Between November 1942 and October 1943 a force of about 60,000 prisoners of the Imperial Japanese Army, together with an even greater number of locally conscripted labourers, was mobilized to construct a railway from Kanchanaburi in Thailand to Thanbuyzayat in Burma. Many died in the construction process, including 12,000 POWs (2,800 of them Australian). They died from overwork, beatings, exhaustion and disease - the result of their taskmasters' cruelty. Survivors have carried the physical and psychological scars ever since. The crimes committed in order to build the railway need to be understood. In this book some of the Australian survivors, and distinguished Japanese and Australian historians, attempt to come to a real understanding of what happened on the railway and why. Contributors include Tom Uren, Hugh V. Clarke and Sir Edward (Weary) Dunlop.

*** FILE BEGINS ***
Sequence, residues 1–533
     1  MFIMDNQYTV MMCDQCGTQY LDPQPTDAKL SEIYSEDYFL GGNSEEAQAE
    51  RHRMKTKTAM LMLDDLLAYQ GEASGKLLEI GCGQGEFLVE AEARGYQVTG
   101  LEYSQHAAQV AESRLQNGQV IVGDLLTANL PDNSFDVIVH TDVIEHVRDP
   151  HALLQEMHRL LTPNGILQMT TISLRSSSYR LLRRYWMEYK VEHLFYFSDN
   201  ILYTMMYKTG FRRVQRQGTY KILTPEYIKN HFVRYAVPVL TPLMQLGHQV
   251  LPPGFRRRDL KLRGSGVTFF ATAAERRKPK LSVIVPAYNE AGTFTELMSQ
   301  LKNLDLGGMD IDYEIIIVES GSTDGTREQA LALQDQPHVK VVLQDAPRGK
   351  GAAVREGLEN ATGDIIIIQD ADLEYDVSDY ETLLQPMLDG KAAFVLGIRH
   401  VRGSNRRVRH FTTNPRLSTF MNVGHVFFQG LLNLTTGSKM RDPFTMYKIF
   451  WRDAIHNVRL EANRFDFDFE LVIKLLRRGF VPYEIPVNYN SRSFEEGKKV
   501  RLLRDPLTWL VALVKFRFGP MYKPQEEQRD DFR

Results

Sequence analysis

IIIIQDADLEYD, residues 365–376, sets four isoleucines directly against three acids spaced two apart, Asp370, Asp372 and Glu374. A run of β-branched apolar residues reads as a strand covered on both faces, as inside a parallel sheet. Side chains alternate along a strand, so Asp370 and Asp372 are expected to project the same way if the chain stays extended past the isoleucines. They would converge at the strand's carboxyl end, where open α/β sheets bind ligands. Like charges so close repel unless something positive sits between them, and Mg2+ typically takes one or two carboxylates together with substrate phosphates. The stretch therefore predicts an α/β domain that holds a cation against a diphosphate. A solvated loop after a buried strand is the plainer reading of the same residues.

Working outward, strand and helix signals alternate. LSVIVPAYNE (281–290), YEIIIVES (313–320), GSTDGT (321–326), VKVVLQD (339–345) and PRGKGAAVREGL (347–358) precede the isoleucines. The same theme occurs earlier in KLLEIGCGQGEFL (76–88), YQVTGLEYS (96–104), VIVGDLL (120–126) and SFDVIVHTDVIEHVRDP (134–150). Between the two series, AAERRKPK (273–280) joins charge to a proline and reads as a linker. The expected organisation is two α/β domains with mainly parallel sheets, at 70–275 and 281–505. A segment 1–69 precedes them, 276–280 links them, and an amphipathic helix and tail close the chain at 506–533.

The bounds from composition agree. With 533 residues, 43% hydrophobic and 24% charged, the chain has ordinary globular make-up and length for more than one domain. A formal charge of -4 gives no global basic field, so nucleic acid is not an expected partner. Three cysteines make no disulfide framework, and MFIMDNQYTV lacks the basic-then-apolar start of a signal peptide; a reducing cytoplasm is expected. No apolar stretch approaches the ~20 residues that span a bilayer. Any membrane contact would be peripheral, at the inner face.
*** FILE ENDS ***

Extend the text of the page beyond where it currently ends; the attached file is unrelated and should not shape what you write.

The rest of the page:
"synopsis" may belong to another edition of this title.
Book Description Silkworm Books, Thailand, 1993. Soft Cover. Book Condition: New. First Edition. 175pp;b/w illus. Index. Mint. Size: 8vo - over 7¾" - 9¾" tall. Bookseller Inventory # 010004